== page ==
Stunning Aston Martin DB9 with high gloss sparkling Merlot Red burgundy/maroon paint. I am second owner, have had the car 9 years, always garaged, dealer serviced, Alcantra interior with tan leather power and heated seats. Goes like a rocket ship, 450 hp from 12 cly 6 ltr engine, no dings, scrapes, rubs, or damage other than minor paint chip on hood and scrapes on front skirt below front grill from my steep driveway. Seller will fix skirt for successful bidder at buyers request. Motorola Bluetooth phone system, Six Speed paddle shifter transmission, never raced. Bid with confidence that you are getting a beautiful car that you can be proud of for years, only 13,995 miles.
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South Lake Tahoe, California, United States
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Auto blogMon, 16 Jun 2014 10:31:00 EST
Commenting on the rush of events that rocked beginning and end of the 24 Hours of Le Mans, Paul Truswell of Radio Le Mans said "the race is about the ability to endure, not just the ability of drivers to do what they do for a long time." The entire race machine, all the way down to the pit boards and radios, has to survive the stress and abuse of the entire day. This was the race to prove those words.
There were two Toyotas, two Porsches and three Audis, five of the seven led the race at some point, six of the seven ran in the top three. Toyota will be hugely disappointed that it didn't win when its car and drivers were so, so strong, but they gave Audi the kind of scare we haven't seen since the best of Peugeot's days, and Toyota did a better job of it even in the loss. Porsche blew away everyone's expectations, falling 3.5 hours short of a fairy tale ending that would have made Disney cry.
But Le Mans doesn't really do fairy tales. Well, not that fairy tale. Audi's Twitter handle during the event was #welcomechallenges. As usual, Le Mans answered for the entire field.
Aston Martin has a very interesting future ahead of it. While the British brand appeared to be struggling with aging tech for a while, fresh investment from Daimler may have shown a light toward the future with the brand getting engines and electronics from them. Also, former Renault-Nissan top exec Andy Palmer has jumped ship from the French/Japanese automaker to become CEO of the much smaller sports car company. Interestingly, though, new reports from unnamed Nissan sources have indicated that Palmer has been pushing to work with AM for years.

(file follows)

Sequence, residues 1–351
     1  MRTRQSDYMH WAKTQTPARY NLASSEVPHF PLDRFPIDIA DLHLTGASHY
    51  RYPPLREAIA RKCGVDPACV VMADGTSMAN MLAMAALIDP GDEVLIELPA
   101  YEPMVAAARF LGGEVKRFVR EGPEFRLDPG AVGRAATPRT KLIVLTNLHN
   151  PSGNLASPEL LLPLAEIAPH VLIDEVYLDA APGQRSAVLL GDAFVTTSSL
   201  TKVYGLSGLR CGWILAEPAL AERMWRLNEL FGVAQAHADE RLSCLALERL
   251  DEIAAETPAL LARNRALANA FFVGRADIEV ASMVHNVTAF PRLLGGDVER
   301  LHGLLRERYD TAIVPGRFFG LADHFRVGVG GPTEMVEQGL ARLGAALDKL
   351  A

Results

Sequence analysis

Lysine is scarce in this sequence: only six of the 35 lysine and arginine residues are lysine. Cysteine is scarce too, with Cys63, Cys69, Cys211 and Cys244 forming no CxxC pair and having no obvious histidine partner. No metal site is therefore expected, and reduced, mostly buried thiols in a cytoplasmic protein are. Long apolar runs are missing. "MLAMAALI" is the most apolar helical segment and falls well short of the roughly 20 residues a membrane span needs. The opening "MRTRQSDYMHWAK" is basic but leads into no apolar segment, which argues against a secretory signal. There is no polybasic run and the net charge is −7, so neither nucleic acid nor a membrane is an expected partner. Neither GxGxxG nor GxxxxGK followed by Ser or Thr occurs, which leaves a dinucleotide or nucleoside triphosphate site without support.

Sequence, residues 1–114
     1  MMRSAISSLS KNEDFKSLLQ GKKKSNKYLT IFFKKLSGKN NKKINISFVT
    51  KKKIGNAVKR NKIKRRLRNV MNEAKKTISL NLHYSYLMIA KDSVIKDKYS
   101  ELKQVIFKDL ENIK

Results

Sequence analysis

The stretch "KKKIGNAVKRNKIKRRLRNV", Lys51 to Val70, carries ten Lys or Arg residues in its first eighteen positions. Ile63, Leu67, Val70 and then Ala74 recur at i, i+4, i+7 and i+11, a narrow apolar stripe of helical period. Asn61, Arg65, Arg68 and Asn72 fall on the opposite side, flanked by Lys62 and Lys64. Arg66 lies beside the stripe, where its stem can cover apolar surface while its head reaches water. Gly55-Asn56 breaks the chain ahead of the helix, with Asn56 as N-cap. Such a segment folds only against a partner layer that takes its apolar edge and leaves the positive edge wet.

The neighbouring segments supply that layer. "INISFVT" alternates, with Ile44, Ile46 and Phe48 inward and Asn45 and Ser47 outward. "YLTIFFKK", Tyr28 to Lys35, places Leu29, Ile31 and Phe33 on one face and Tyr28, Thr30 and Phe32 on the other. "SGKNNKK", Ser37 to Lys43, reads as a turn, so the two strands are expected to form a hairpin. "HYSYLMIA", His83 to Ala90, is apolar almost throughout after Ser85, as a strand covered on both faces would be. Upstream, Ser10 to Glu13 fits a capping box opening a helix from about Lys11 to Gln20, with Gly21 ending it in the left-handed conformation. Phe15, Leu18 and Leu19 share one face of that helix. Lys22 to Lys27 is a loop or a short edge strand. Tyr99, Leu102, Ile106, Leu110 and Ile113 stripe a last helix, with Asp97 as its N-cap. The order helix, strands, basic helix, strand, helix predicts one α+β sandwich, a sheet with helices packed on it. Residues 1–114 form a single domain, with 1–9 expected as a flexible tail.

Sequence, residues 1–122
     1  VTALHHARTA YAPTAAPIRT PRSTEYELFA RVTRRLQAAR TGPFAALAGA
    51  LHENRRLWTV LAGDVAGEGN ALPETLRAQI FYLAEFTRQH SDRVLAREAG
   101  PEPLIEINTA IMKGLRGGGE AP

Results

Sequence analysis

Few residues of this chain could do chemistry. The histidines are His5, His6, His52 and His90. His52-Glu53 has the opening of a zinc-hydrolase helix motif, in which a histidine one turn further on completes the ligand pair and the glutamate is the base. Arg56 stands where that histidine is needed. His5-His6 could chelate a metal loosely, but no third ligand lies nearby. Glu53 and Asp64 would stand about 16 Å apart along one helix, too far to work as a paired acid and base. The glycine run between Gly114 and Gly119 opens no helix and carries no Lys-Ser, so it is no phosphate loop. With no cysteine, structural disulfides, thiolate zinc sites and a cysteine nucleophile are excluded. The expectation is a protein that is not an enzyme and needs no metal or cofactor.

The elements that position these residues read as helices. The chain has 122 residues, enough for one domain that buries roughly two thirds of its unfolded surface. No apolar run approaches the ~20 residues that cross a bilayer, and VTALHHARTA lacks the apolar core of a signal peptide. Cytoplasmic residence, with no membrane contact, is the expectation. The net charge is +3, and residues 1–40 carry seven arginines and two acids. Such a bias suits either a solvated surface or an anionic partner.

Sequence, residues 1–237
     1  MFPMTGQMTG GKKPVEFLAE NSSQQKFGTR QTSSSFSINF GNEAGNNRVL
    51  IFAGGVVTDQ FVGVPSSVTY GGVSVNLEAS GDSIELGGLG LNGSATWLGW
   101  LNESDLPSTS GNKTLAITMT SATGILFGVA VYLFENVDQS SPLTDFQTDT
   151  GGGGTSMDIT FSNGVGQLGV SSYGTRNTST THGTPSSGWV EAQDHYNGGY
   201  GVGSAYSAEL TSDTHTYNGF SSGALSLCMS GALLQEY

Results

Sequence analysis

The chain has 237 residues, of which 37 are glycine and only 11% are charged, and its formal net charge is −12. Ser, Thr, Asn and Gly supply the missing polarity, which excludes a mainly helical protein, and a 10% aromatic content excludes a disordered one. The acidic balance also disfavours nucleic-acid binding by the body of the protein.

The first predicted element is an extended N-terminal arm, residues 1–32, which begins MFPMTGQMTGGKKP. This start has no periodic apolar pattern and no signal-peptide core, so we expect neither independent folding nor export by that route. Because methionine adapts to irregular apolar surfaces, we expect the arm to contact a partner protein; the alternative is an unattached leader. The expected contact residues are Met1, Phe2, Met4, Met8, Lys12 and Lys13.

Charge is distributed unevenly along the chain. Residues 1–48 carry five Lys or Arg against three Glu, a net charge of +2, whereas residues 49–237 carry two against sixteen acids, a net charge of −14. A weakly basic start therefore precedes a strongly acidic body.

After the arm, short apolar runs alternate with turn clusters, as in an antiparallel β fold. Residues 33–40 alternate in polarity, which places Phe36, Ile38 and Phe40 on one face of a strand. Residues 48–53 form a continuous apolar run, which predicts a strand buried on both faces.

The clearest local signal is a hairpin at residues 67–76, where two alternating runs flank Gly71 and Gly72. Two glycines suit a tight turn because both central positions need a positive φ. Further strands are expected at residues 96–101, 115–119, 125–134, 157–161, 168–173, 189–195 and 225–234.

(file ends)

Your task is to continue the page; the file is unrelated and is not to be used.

Three unnamed company insiders told Reuters that Palmer made attempts to convince Renault-Nissan CEO Carlos Ghosn in 2012 and 2013 to invest in Aston Martin, but his proposals were shot down both times for unspecified reasons, according to Automotive News. "We looked carefully at the proposal but we passed on it," said one of the sources.
You can easily see why Palmer was eying Aston Martin even back in 2012. It's no secret that the British sports car mavens were in need of extra funding, well before the Daimler investment. Building vehicles these days is only getting more expensive with stronger safety and emissions requirements. Just look at the brand's desperate hope to get a side-impact crash exemption to keep selling its models in the US as an example.
It's hard to think back now, but the same man overseeing the design of the 2013 Ford Fusion also presided over a rather lackluster period in Ford design, highlighted by vehicles like the Five Hundred and Freestyle. With the redesigned Fusion receiving high praise, J Mays tells Automotive News that he feels vindicated from criticisms suggesting he's not a daring enough designer.
When Mays took over as lead of design in 1997, he admits to having quite an ego ("My head would barely fit through the door some days. I've long since gotten over myself") and the workload to match. With the Blue Oval's portfolio full of premium brands like Aston Martin, Jaguar, Land Rover and Volvo at that point, along with the bread-and-butter Ford, Lincoln and Mercury models, Mays certainly had quite the challenge.
It was in the mid-2000s that Mays took over just the premium brands, and took on the new title of Chief Creative Officer. At the time, Mays endured some criticism for looking backwards to retro styling, rather than setting a new standard for American car design - criticism that Mays says he is free from with the all-new Fusion.